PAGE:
Pairs or family groups defend territories ranging from about 1 to 10 acres (0.5-4 ha) but expand their ranges outside the breeding season. Many species engage in tail and wing flicking, especially when agitated, but the behavior also could be used to aid foraging. The flame robin (P. phoenicea) of upland Australia and the gray-headed flycatcher (Culicicapa cey-lonensis) show short distance and altitudinal migration. Songs are usually attractive whistling or piping notes with some harsh alarm calls.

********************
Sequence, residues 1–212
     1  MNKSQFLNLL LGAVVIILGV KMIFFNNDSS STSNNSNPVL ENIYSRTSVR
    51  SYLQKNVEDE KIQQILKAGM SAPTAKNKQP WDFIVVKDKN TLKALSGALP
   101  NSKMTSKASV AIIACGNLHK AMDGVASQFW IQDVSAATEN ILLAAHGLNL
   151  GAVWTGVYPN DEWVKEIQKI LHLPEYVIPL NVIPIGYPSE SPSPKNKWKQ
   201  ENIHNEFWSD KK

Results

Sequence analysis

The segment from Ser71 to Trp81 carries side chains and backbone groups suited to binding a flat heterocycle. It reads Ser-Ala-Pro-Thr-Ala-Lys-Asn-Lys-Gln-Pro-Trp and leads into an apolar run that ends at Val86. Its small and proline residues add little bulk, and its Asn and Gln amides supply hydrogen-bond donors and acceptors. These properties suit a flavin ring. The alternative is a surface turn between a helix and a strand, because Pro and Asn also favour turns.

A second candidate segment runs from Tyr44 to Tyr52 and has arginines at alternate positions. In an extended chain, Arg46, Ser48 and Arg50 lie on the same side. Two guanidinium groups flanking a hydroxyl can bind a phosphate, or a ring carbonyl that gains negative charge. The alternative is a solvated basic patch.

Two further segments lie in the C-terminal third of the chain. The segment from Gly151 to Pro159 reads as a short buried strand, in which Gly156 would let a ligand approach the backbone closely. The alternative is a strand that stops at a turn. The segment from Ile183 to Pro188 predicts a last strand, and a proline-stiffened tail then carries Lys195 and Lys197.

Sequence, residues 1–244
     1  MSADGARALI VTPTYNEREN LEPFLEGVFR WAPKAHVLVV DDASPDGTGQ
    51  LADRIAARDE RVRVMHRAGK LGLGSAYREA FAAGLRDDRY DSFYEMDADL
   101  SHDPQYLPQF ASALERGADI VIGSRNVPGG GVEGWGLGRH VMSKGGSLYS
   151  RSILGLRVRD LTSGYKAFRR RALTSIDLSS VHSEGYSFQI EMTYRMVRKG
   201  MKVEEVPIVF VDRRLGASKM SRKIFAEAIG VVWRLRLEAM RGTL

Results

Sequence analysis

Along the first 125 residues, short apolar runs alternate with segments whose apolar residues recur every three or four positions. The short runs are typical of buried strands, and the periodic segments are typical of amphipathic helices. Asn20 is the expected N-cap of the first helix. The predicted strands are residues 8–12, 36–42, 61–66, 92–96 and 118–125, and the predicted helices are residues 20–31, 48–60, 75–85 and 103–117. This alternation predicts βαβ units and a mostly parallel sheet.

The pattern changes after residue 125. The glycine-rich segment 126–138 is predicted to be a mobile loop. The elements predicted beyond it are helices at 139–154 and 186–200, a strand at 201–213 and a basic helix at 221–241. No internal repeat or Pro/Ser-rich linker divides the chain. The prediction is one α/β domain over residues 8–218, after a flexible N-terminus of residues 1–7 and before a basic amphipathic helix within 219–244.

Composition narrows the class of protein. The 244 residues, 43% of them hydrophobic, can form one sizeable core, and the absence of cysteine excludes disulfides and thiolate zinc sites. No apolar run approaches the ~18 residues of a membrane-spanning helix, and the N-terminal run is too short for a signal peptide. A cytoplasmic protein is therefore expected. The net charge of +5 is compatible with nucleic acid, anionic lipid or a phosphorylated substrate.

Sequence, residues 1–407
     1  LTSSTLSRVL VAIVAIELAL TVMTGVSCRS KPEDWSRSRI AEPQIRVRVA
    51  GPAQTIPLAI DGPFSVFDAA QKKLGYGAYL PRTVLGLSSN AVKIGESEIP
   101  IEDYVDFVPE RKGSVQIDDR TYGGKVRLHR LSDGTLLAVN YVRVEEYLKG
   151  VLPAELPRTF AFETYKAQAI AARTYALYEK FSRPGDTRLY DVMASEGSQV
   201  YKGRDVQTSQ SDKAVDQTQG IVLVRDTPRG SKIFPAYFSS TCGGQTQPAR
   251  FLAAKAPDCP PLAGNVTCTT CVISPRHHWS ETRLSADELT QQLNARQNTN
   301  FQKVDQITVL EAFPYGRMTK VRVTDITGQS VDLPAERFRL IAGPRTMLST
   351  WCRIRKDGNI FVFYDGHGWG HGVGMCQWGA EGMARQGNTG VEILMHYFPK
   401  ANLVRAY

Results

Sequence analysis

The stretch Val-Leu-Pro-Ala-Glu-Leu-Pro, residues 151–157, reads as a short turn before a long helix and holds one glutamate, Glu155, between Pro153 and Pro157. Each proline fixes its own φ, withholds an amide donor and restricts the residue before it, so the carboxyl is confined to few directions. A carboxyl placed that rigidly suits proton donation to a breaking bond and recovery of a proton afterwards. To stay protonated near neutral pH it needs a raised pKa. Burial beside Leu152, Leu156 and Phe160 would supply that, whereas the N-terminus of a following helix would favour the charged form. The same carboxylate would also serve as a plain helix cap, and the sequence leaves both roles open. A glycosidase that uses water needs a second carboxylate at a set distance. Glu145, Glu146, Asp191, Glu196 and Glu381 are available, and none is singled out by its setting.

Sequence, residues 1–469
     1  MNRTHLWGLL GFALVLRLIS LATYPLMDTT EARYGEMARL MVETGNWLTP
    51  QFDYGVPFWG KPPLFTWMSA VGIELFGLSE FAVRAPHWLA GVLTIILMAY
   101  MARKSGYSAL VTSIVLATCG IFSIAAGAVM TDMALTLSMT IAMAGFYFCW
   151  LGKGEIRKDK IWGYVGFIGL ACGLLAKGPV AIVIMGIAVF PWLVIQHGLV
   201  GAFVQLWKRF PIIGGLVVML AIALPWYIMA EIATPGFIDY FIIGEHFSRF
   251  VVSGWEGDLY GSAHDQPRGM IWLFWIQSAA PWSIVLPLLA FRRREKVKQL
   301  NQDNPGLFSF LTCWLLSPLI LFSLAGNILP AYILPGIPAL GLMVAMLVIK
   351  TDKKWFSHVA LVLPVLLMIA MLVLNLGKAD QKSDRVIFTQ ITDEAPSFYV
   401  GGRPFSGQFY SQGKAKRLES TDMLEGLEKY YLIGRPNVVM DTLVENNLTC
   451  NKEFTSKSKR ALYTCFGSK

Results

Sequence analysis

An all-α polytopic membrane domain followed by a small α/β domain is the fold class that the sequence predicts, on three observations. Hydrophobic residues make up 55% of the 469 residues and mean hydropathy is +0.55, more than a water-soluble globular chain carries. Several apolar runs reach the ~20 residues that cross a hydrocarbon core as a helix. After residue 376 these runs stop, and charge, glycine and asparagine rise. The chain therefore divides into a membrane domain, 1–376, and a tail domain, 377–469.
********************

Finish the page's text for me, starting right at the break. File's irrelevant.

A pale-yellow robin (Tregellasia capito) adult and chick at their nest. (Photo by R. Brown/VIREO. Reproduced by permission.)

for many species. Many nests of the Australian robins suffer predation, especially from large birds, so that breeding success is often low.

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